July 3, 2022 – Fourth Sunday after Pentecost
Luke 10:1-11, 16-20
Rev. TJ Mack – Union Congregational Church of Hancock
Luke 10: 1-11, 16-20
New Revised Standard Version Updated Edition
10 After this the Lord appointed seventy-two others and sent them on ahead of him in pairs to every town and place where he himself intended to go. 2 He said to them, “The harvest is plentiful, but the laborers are few; therefore ask the Lord of the harvest to send out laborers into his harvest. 3 Go on your way; I am sending you out like lambs into the midst of wolves. 4 Carry no purse, no bag, no sandals, and greet no one on the road. 5 Whatever house you enter, first say, ‘Peace to this house!’ 6 And if a person of peace is there, your peace will rest on that person, but if not, it will return to you. 7 Remain in the same house, eating and drinking whatever they provide, for the laborer deserves to be paid. Do not move about from house to house. 8 Whenever you enter a town and its people welcome you, eat what is set before you; 9 cure the sick who are there, and say to them, ‘The kingdom of God has come near to you.’ 10 But whenever you enter a town and they do not welcome you, go out into its streets and say, 11 ‘Even the dust of your town that clings to our feet, we wipe off in protest against you. Yet know this: the kingdom of God has come near.’
16 “Whoever listens to you listens to me, and whoever rejects you rejects me, and whoever rejects me rejects the one who sent me.”
17 The seventy-two returned with joy, saying, “Lord, in your name even the demons submit to us!” 18 He said to them, “I watched Satan fall from heaven like a flash of lightning. 19 Indeed, I have given you authority to tread on snakes and scorpions and over all the power of the enemy, and nothing will hurt you. 20 Nevertheless, do not rejoice at this, that the spirits submit to you, but rejoice that your names are written in heaven.”
The passage that Peggy read for us this morning is full of action. Jesus is instructing, teaching, guiding, sending. The seventy-two were traveling, greeting, praying, healing. They were told to take nothing, to not delay, to proclaim God’s peace (Shalom) in every town. Go to both Jews and Gentiles, to accept food and lodging as provided as acceptable payment for curing the sick and proclaiming God’s peace.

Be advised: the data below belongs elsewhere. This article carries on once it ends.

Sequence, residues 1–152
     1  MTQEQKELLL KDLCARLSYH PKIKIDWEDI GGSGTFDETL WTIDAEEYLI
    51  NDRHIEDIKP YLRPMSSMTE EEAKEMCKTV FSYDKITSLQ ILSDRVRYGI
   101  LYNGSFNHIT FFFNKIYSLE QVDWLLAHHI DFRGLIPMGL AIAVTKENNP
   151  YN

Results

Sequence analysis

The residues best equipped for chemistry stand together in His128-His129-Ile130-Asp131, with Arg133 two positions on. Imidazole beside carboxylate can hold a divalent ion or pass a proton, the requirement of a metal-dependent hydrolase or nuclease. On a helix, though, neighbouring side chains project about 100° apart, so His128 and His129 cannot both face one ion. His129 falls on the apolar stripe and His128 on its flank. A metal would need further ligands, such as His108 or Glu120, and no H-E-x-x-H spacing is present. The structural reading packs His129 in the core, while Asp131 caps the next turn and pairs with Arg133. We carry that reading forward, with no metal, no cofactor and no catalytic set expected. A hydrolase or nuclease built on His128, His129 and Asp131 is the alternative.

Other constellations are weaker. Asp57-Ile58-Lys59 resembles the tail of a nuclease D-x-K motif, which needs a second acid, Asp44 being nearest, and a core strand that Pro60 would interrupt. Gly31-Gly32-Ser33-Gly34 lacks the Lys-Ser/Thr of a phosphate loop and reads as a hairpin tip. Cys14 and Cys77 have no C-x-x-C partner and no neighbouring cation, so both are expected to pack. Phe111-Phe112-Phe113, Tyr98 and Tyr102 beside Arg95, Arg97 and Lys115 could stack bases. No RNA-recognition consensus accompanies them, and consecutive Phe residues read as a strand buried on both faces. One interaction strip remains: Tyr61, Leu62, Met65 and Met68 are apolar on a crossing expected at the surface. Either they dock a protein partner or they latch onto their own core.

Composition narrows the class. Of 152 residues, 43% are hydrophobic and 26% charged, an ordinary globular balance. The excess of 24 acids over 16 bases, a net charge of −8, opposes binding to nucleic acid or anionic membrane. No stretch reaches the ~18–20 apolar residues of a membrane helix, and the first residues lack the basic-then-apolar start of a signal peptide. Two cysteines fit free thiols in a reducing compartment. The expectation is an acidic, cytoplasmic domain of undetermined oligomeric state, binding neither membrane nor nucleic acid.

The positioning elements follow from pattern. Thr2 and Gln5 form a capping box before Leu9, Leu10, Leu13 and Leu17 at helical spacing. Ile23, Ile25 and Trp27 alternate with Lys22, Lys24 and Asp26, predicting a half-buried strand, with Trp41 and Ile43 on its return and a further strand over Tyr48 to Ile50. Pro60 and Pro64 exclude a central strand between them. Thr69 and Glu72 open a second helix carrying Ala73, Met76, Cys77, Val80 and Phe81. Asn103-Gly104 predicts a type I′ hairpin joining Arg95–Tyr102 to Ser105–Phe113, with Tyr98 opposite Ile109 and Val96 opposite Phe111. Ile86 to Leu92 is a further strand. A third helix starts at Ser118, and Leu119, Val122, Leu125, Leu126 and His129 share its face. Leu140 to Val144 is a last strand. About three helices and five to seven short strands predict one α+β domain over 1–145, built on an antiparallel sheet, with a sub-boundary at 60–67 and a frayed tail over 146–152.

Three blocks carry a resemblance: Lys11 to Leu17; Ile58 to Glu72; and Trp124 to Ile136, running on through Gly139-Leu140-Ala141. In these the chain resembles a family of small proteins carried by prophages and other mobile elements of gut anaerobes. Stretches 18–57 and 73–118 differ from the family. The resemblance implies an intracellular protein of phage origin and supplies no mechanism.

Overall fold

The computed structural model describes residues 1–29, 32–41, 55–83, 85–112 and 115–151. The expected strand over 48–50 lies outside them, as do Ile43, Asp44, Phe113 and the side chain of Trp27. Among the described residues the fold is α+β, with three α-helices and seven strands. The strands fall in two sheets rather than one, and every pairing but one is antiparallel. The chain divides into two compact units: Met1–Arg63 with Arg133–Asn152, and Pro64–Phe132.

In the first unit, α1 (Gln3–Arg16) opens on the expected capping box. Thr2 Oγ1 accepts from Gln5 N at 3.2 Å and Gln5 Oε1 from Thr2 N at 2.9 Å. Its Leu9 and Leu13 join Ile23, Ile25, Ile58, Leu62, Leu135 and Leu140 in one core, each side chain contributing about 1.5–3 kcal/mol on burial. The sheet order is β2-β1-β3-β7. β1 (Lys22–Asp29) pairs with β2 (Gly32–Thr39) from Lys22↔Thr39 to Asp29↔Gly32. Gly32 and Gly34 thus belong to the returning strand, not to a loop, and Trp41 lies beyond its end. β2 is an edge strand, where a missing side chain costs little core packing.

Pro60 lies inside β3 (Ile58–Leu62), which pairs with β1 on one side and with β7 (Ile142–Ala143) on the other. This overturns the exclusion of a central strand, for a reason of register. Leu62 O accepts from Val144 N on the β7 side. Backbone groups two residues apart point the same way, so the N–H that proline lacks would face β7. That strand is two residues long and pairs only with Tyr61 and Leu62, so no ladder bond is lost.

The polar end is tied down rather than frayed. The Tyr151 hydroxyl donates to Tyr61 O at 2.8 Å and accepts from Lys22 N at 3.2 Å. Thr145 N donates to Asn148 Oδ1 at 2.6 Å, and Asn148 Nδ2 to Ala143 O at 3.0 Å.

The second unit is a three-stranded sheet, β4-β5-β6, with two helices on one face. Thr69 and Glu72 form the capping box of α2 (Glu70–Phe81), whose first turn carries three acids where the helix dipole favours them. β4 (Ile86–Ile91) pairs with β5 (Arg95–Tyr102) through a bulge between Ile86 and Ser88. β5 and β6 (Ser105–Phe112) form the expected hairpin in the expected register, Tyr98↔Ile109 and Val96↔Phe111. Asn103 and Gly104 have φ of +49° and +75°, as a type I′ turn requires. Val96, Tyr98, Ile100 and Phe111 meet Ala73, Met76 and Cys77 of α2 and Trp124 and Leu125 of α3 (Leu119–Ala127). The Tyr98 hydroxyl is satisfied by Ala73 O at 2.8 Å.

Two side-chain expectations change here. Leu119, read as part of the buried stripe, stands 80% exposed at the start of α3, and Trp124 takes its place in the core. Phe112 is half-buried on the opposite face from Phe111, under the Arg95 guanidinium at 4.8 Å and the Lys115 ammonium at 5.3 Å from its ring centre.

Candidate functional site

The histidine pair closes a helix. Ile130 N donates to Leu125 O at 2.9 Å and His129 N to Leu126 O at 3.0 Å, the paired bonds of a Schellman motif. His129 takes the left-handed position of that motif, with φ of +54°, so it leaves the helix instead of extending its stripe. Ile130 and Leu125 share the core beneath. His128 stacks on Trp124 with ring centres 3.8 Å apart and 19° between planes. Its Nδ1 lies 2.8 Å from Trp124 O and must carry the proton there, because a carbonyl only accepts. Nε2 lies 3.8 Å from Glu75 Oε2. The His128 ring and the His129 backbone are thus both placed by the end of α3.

The seventy-two were amazed at the authority granted to them in Jesus’ name. They returned rejoicing in their unity with God and with the relationships built with others.
I recall that my friend Mair Honan took this scripture quite literally while she was in seminary. Perhaps it was the basis of her Master’s Thesis… or perhaps simply an idea that wouldn’t leave her alone. She trekked for days, leaving her home, her husband, her children, with nothing but the clothes on her back, depending upon the kindness of strangers for her food, shelter, and safety. It was a goosebump-y sermon, listening to Mair tell of her “day one” doubts as she entered a town in late afternoon, tired and hungry after walking all day, wondering what the heck she had been thinking. Evening found her sharing a delicious meal with a local family, a roof over her head, and prayers and song to sustain her. Each successive day was a variation of the first.
At the heart of the scripture again this week is urgency, understood in the simplicity of their provisions, as in, take nothing with you and let God provide all your needs.
Most of us stumble right there. To let God provide our needs, any or all of them, may be the single most difficult thing we attempt to do in our lives. There is great tension between trusting God and being self-sufficient.
Many of us tend to measure success in financial terms, in achievements such as physical prowess, educational degrees or employment prestige. All those things are wonderful so long as we keep in mind that God measures success in how we share our gifts and resources, not in how much we accumulate.
Jesus’ sense of urgency was real, knowing he would soon meet his death on the cross. It is easy to think we have plenty of time, until we don’t. A cancer diagnosis, age related declines in one’s health, witnessing the senseless murders of innocent children or adults. These situations are devastating reminders of the urgency to act now, to not procrastinate, not knowing which will be our last day, or someone else’s last day.